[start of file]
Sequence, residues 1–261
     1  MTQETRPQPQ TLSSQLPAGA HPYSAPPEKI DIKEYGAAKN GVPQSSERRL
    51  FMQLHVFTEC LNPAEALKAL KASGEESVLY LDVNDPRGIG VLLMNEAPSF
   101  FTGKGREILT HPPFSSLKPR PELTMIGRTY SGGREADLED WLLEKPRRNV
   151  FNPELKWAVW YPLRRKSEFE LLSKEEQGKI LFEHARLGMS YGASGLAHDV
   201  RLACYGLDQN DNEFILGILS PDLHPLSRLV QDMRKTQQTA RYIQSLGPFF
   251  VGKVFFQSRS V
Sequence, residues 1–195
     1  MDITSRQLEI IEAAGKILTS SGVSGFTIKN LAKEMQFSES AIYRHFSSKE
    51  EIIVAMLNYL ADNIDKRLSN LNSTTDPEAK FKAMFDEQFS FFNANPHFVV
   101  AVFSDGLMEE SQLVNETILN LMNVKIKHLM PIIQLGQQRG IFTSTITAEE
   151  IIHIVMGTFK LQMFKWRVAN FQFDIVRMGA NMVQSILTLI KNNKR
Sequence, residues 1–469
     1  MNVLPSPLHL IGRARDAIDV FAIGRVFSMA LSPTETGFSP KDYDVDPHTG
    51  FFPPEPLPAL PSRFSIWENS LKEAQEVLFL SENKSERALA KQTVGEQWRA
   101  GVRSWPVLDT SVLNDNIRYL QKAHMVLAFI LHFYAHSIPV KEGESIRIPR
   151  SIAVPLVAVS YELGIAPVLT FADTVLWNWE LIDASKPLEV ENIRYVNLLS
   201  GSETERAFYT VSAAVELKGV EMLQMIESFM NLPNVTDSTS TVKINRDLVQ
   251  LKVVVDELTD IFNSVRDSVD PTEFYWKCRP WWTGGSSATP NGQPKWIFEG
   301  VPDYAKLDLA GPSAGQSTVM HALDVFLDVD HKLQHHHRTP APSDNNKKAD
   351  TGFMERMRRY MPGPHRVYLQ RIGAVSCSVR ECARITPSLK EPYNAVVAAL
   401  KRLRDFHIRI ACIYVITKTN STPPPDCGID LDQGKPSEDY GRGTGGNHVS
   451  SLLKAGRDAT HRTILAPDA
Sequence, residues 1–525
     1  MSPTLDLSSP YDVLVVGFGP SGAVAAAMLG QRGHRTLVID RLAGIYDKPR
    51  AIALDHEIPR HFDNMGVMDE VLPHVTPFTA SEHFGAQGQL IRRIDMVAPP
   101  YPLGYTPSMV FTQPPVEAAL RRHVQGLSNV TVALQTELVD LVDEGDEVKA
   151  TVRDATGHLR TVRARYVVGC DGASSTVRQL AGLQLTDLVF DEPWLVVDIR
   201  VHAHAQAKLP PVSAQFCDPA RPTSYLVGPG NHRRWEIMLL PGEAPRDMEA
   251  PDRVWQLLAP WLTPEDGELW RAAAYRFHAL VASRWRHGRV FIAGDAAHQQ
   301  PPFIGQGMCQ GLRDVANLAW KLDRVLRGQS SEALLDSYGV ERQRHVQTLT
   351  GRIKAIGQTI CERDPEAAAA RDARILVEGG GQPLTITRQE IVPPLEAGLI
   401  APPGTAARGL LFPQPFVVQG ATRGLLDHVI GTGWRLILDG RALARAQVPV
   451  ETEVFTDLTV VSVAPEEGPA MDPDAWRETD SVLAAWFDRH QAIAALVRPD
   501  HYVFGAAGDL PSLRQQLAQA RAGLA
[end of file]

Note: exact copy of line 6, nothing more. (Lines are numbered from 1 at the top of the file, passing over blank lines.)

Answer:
   201  RLACYGLDQN DNEFILGILS PDLHPLSRLV QDMRKTQQTA RYIQSLGPFF